An ingredient found in many cough and cold remedies is finding its way into the hands of teens intent on using it to get what is described as a cheap dissociative high.
Dextromethorphan (DXM) – a synthetic ingredient found in more than 125 products including Vicks Nyquil LiquiCaps and Dimetapp DM – is increasingly being misused by teens with ready access to what is a legal drug available without prescription.
“When abused, dextromethorphan takes on qualities of a dissociative drug,” the Canadian Council on Drug Abuse explains in literature to parents and others. “This means that it produces feelings of detachment in a person, as well as distorting a person’s perception of sight and sound.”
A 2008 study found that one in 10 American teenagers has used products with DXM to get high, making it more popular in that age group than cocaine, ecstasy, LSD, and meth. And although DXM products are considered safe when taken as recommended, high doses can cause side effects that include blurred vision, numbness, heart attack, confusion, dizziness, nausea, vomiting, anxiety, and poor coordination. Longer-term effects are not fully known but are believed to include depression, liver problems, psychosis, and learning and memory problems.
What Can Parents Do?
Start by talking to your teen about the dangers of abuse and the fact that over-the-counter medications are as dangerous as street drugs.
Experts like Celebrity Rehab’s Dr. Drew Pinsky say parents need to include cough medicine abuse in drug-abuse conversations with their kids.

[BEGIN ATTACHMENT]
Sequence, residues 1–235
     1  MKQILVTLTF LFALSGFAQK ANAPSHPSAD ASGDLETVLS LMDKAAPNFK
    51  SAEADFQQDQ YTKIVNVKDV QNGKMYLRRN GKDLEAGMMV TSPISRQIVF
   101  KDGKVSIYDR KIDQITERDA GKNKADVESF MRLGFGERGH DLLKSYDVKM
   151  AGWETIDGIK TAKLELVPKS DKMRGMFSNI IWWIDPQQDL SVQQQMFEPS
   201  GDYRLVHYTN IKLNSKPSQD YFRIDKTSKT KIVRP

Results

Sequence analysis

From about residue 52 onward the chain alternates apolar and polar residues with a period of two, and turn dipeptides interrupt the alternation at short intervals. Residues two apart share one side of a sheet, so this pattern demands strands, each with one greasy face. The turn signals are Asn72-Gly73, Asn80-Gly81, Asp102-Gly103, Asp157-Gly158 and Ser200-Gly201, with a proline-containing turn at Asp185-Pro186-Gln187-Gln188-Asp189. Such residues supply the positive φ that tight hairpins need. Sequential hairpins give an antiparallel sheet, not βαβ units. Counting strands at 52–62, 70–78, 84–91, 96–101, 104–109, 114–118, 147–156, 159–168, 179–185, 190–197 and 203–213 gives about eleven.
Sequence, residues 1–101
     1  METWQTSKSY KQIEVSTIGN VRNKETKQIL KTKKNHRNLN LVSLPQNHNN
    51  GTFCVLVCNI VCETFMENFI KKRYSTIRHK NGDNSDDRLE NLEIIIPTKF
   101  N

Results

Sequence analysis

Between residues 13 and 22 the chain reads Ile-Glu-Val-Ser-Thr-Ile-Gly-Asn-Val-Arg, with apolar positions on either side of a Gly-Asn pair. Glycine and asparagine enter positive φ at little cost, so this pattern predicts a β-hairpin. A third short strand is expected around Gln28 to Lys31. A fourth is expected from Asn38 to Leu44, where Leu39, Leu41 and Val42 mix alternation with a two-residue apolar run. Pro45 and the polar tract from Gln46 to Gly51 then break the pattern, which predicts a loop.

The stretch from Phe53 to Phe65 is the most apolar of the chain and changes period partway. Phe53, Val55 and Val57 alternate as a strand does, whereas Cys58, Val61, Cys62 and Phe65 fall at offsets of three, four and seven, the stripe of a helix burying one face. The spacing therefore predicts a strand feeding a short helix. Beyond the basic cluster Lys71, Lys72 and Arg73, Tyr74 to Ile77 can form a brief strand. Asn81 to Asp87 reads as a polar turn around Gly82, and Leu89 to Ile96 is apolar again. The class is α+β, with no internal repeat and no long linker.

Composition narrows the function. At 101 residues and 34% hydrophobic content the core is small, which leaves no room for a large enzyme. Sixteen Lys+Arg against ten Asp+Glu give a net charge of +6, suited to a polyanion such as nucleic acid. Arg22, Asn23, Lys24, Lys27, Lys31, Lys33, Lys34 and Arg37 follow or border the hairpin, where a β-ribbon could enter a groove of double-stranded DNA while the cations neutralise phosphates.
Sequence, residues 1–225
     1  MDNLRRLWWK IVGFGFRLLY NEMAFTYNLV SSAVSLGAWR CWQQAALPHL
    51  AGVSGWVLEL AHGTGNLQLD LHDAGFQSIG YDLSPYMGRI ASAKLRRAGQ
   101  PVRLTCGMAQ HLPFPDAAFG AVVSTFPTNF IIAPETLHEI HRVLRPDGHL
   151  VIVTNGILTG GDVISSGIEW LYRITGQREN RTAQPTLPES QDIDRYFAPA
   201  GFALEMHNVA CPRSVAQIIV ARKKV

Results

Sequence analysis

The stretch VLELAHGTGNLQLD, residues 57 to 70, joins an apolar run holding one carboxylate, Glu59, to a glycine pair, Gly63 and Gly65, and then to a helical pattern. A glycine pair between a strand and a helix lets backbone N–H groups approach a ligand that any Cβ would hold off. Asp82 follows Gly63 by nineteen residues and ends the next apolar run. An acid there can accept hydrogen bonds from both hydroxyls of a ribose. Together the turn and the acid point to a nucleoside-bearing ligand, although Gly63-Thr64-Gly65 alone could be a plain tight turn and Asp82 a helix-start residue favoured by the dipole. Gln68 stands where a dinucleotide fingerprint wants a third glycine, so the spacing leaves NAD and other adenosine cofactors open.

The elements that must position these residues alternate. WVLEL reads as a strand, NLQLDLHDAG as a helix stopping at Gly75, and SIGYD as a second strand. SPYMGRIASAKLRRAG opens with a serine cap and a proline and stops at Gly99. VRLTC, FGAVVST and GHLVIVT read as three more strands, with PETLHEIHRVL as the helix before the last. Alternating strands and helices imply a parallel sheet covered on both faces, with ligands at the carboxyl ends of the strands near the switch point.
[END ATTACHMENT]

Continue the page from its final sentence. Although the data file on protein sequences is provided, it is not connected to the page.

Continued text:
“Make sure they understand you do not approve of any sort of substance abuse behavior and that they understand the risks of medicine abuse,” Pinsky is quoted as saying.
Keep DMX Products Under Lock and Key
Treat products with DMX like the potentially harmful substances they are. Clean out your cabinets and store all medicine in a safe, locked location where you can monitor how much is in each container.
Watch for Signs of Abuse
Pinsky says it’s important parents recognize that DMX abuse is a problem that affects teens of all kinds – not just troubled teens.
“Parents may think, `not my teen,’ but one in 10 teens report having abused cough medicines to get high and 28 percent know someone who has tried it,” he says.
Signs of abuse to watch for include:
- Empty cough medicine boxes or bottles in the trash of your teen’s room or backpack
- Boxes or bottles of medication missing from the medicine cabinet
- Changes in friends, physical appearance, or sleeping or eating patterns
- Loss of interest in hobbies or favorite activities
- Hearing your teenager use slang terms associated with DXM abuse including Dex, Skittling, Tussing, Robo-Tripping, Triple Cs, Poor Man’s Ecstasy, Red Devils, Rome, and Sky, to name just a few.
Additional information on DMX abuse including tips on talking to your teen about its use and abuse, are available online at StopMedicineAbuse.org.